It's all over bar the readings now. The group part this morning was led by Kathryn and was dedicated to the notion of breaking the rules and excess. Here we considered the various injunctions developing and starting writers tend to be given, such as show not tell, make it new, kill your darlings, go in fear of abstractions etcetera, some adapted from Ezra Pound.
So we look at Pound's advice regarding music, devices, dullness, description, discovery, end-stopped lines and control. We also look at Simon Armitage's 'Testing Kit' which is not so much for writers as for readers who are looking to gauge a poem: the eye test, the magic eye test, the hearing test and so on right down to the acid test, some of which is simply telling us that good is good and bad is bad. We examine the warnings against adjectives issued by writers from Voltaire to Orwell, from Twain to Stephen King and others.
But what is the function of rules? What do we mean by rules, who gives them, and how are they to be followed if at all? How innate are they? Is there such a thing as good practice or good craftsmanship? What is best advice?
My personal view on this is that any advice given is likely to be agreed by about 80% of writers and will be useful about 80% of the time but that 'making it new' might be best achieved by not following too many rules too closely.
Nevertheless you can only depart from a rule that is perceived as a rule. A rule is a form of expectation. If you have no expectation you can't be doing something that runs against expectations.
The first poem we look at is The Haulier's Wife Meets Jesus on the Road Near Moone by Paul Durcan. This is a piece of high Durcanry, a Molly Bloomish monologue rooted in catholic belief set against an unruly and fantastical set of circumstances in which a great many rules are broken. There is a good deal of repetition, a certain randomness in the look of the page, huge comical inconsistency and hyperbole all executed with tremendous élan and insouciance. There is so much going on in it, and so deliberately, we could hardly accuse it of ill judgment or disproportion since that is precisely what the poem feeds on. It's a great riot with both a savage and a humane side.
Elizabeth Bishop's marvellous poem, The Fish, serves as an example of almost childish repetition, of the use of what someone had termed 'pink' words that are in some way value words of the kind poets are encouraged to resist. These include words such as big, little, tremendous, terrible, and there is the repetition of 'wallpaper' in a simile within three lines.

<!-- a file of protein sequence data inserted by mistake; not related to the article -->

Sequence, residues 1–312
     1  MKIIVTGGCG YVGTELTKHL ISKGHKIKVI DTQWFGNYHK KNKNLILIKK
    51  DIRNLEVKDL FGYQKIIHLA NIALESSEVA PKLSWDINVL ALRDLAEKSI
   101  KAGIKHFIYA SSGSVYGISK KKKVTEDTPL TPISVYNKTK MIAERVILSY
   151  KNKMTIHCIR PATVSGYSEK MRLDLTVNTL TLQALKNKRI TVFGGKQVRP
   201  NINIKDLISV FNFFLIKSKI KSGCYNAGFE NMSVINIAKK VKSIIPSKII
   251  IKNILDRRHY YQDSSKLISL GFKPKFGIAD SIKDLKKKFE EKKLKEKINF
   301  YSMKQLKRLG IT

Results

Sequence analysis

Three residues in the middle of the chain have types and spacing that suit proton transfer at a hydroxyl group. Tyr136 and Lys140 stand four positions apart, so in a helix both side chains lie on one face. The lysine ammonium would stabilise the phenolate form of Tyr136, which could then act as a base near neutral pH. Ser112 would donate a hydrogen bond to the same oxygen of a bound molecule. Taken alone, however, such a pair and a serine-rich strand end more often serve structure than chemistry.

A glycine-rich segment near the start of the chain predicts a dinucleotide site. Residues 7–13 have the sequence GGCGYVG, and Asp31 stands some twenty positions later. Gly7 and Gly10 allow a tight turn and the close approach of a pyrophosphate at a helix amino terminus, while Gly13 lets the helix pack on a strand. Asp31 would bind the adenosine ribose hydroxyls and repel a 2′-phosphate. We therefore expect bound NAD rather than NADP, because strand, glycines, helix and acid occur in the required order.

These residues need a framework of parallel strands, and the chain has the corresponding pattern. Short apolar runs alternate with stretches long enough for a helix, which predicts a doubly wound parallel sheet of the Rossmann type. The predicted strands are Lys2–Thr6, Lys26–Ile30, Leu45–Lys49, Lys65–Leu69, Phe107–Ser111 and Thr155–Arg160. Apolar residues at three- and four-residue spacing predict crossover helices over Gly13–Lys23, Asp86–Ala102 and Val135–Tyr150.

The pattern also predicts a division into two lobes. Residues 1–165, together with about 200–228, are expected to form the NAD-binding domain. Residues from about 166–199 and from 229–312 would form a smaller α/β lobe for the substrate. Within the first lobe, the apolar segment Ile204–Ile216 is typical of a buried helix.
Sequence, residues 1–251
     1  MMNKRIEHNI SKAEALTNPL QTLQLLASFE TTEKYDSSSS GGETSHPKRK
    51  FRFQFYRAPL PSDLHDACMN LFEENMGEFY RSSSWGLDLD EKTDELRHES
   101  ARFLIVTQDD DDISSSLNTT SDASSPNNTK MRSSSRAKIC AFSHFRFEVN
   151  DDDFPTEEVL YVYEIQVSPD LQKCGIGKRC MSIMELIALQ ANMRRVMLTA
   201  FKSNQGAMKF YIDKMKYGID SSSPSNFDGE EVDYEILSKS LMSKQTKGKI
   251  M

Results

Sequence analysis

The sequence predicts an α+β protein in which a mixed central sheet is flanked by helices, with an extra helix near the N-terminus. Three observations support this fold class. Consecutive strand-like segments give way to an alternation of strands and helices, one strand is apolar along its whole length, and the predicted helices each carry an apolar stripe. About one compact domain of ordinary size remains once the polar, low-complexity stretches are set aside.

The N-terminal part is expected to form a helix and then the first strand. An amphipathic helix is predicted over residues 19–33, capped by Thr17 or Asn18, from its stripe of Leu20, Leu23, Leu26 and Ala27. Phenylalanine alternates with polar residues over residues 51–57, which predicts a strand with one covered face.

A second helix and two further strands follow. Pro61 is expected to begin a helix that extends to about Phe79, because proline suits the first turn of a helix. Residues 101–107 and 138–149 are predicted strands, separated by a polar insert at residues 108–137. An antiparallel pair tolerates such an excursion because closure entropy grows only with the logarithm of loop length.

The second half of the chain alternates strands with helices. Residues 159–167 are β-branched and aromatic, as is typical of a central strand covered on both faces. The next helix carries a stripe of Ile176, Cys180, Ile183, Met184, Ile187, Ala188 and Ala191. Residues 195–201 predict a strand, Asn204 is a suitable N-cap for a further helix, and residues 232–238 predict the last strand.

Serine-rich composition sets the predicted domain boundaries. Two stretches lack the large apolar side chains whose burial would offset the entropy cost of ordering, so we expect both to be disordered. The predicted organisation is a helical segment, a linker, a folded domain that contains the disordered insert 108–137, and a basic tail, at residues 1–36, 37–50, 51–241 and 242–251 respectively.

From Bishop to Alice Oswald's Walking past a Rose this June Morning which begins with the reiteration of the line 'Is my heart a rose? how unspeakable' and moves on pitching the high romantic against the mechanical (is my heart folded to dismantle / is a rose a turning cylinder of senses / is this the ghost of the heart...the inmost decelaration of its thought), and all the time a series of comments, exclamations and questions proceed down the right side of the poem. This is, I think, a remarkably original work that looks to rescue the value of hearts and roses not as symbols but as things and re-energise them through a technique charged with passion, intelligence and wilfulness.
We read Sylvia Plath's Poppies in October which offers a set of energetic bladed gesticulations in response to something not quite revealed to us. There are long lines, short lines, the liberal use of adverbs (which rules discourage). There is no time by now to read Deborah Digges' poem Broom, Deryn Rees-Jones's marvellous and heart-rending Dogwoman or Frank Bidart's Ellen West.
We review what we have done and are required to write within some twenty minutes a poem in which we must 1. Tell not show, 2. Use six adverbs, 3. Use ten adjectives, 4. Employ at least one ellipsis, 5. Make the lines unusually long, 6. Include at least two abstractions and 7. Rely on no more than four images.
Some of this might take more than twenty minutes but there is nothing like working under pressure and the good results when read back are very good indeed.
Here is mine:
Deviously, deviously, was he grievous and warily moping
in the something he called emptiness, which was devious,
both something and a cold, faint, lilac nothing such as a window
or the mood he was in, which was grievous and full of moping. But
this mood, this injudicious mood, was his undoing, or so he considered
and said, yes said, quite clearly while propped against the bar
in his customary fashion. It was the saying of what he was
that rendered him helpless, moving helplessly yet deviously along
the bar as he spoke, moving away beyond…. well, a
certain discomfort in the long green bar, along its metallic surface
and the words he used which continued devious and wary,
the very image of moping, the colour of the liquid
in his glass which was even then vanishing.
I will write one more blog, possibly tomorrow, reviewing the week. The students were delightful, a mix of age and gender - chiefly female of course, as always. But bright and ever brightening. It is they who read tonight after dinner.